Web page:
Producers: Matthew Metcalfe, Catherine Madigan, Yann le Prado and Johan de Faria Director: Justin Pemberton Screenplay: Justin Pemberton, Matthew Metcalfe and Thomas Piketty Cast: Thomas Piketty, Kate Williams, Rana Foroohar, Ian Bremmer, Francis Fukuyama, Surech Naidu, Joseph Stiglitz, Gilliam Tett and Gabriel Zucman Distributor: Kino Lorber
French economist Thomas Piketty’s 2013 book, a massive scholarly opus outlining the history of capitalism since Enlightenment times, became an unexpected best-seller, its message about the dangers posed by increasing income inequality striking a chord even with non-specialists. Justin Pemberton’s film of the same name offers a pithy paraphrase of the hefty volume’s fundamental thesis, voiced by Piketty himself along with other scholars, and illustrated with a cascade of visual data packaged with verve by Pemberton and editor Sandy Bompar and underlined by J.B. Dunckel’s nimble score.
Scripted by Piketty and Pemberton along with producer Matthew Metcalfe, the film begins with Piketty inoculating himself against charges of Communist sympathies by pointing out that as a young man he watched the collapse of the Soviet Union and its satellite states in Eastern Europe, horrified by the economic devastation their economic system had wrought. Yet it’s undeniable that he shares with Marx an underlying assumption that history is essentially economic, and that capitalism, if unrestrained, is bound to become exploitative.
Piketty’s analysis actually reaches back to the eighteenth century, when wealth was calculated in terms of land and aristocracy prevailed—a system he characterizes as redolent of feudalism. The theory of laissez faire capitalism enunciated by Adam Smith (who, it’s pointed out, was thinking of small, household businesses) combined with the Industrial Revolution to create a new calculation, in which money—capital—rather than land was the determining factor, and profit-making investment became the means of increasing one’s monetary-based wealth. In the society that emerged in heavily industrialized nations, the exploitation of the lower classes was even harsher than it had been in earlier eras as more and more capital became concentrated in the hands of the few and increasing profit at any cost, so to speak, became the norm.
The twentieth century, Piketty argues, witnessed some mitigation in the disparity between economic classes, largely as a result of the two world wars. After 1919, the hold of aristocracy finally crumbled as the men who had actually fought the war and women who had taken jobs during the conflict demanded recognition and governments had to raise taxes on the wealthy in order to function. The period after World War II was even more significant, marked by progressive taxation and government programs to lift the middle class.
All that changed, Piketty says, in the seventies and eighties, when the economic policies associated with Reagan and Thatcher unleashed the power of unfettered global capitalism, through which the few came to possess more and more capital while the income of the middle class stagnated, then fell relative to national wealth. The result is a level of suffering and anger that is not far removed, Piketty says, from those of the nineteenth century. What’s required to rectify matters to some degrees, he suggests, are “wealth taxes” that would redistribute capital to some extent, and inheritance taxes that could reverse the growth of an ever more powerful aristocracy of wealth—as well as a return to governmental regulation of financial manipulation and methods of tax avoidance.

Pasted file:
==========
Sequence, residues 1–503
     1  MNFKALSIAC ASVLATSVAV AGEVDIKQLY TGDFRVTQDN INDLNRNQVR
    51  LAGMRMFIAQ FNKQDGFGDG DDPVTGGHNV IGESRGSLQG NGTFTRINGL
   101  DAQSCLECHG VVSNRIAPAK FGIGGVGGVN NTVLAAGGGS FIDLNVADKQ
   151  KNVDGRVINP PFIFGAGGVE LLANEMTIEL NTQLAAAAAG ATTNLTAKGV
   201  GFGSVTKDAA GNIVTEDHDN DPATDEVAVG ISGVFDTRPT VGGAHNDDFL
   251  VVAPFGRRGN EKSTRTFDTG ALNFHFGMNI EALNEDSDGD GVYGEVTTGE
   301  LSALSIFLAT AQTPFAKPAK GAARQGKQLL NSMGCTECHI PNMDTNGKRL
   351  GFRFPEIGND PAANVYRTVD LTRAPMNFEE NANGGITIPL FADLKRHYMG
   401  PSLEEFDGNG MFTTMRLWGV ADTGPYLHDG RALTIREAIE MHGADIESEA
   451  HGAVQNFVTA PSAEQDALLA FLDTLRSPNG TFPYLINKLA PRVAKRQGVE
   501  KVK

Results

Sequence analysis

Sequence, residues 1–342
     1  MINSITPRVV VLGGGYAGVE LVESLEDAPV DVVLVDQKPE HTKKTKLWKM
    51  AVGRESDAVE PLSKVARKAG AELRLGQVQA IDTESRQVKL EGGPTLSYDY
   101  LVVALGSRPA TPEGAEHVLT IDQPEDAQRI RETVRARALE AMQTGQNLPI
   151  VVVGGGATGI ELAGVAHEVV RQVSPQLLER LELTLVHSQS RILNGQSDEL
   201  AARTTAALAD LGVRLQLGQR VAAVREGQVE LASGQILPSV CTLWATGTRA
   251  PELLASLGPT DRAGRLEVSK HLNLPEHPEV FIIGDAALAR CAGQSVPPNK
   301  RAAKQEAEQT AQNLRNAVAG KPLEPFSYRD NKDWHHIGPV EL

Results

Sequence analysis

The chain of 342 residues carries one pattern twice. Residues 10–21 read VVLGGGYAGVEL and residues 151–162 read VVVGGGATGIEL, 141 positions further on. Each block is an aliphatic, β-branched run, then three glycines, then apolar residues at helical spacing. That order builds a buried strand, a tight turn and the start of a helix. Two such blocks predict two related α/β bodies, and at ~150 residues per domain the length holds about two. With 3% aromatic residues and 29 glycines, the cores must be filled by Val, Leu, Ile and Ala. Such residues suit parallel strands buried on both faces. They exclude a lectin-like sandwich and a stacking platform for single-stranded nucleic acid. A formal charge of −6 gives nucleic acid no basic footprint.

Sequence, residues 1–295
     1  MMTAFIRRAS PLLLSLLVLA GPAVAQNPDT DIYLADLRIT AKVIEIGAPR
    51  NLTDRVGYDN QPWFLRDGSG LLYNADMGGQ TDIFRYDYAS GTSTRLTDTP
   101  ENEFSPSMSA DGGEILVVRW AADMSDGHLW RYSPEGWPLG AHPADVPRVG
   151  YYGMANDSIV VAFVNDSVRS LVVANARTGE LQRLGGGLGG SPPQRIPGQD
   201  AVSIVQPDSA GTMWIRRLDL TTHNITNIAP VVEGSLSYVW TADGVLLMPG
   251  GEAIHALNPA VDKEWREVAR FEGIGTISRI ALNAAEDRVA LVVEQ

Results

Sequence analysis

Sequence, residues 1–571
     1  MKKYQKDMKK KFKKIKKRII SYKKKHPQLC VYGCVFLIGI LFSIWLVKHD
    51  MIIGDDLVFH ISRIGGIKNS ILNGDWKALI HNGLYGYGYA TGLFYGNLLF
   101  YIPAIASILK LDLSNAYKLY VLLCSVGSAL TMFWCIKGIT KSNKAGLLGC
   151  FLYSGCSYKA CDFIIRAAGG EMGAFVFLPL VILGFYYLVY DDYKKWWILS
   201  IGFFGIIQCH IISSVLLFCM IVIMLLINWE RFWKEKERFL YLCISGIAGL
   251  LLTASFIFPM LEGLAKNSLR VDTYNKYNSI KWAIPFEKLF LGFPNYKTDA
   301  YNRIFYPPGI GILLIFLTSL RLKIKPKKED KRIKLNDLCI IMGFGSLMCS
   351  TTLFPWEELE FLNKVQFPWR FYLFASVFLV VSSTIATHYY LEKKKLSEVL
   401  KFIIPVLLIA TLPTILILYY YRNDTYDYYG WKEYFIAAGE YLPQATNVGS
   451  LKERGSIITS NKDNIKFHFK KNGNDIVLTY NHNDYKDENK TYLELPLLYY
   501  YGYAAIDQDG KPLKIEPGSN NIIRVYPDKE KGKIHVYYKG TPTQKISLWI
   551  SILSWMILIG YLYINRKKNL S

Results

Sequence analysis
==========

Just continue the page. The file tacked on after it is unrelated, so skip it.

Piketty’s book marshaled an avalanche of statistics and graphs to buttress his argument. No film could possibly include so much data (though it offers some of it in passing). Instead the emphasis is on materials that serve as props to the points Piketty and his colleagues make in their interviews. Some of this consists of scenes from films like “Pride and Prejudice” and “Les Misérables,” clips from “The Simpsons” featuring Mr. Burns, and—inevitably—Gordon Gekko’s speech from “Wall Street” about greed being good. Cheeky animation is occasionally employed (as in the section on Adam Smith). And of course there is a good deal of archival footage, as well as stills and artwork.
Ultimately, however, it is the talk from Piketty and the other interviewees—shot in straight-on style by Darryl Ward—that is central here. The film is essentially an illustrated lecture, and though the accompanying visuals are well-chosen and smoothly presented, the important thing is that what’s said is compelling.
It must be added, however, that while Piketty’s critique of unfettered global capitalism and its ramifications remains a formidable intellectual construct, the world has changed in recent months: the Covid-19 pandemic is bound to disrupt the world economy in short and long terms in ways that cannot be foreseen. Still, Piketty’s book and Pemberton’s film offer a trenchant analysis of how the global economic reality became what it was in early 2020, and even though it may never be quite the same again, the argument remains well worth attending to.